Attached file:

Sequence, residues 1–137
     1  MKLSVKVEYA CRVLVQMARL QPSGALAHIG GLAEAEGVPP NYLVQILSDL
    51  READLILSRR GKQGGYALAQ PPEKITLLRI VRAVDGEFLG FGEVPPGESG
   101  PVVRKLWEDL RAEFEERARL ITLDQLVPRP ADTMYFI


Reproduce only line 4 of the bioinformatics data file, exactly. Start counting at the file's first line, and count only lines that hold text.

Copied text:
   101  PVVRKLWEDL RAEFEERARL ITLDQLVPRP ADTMYFI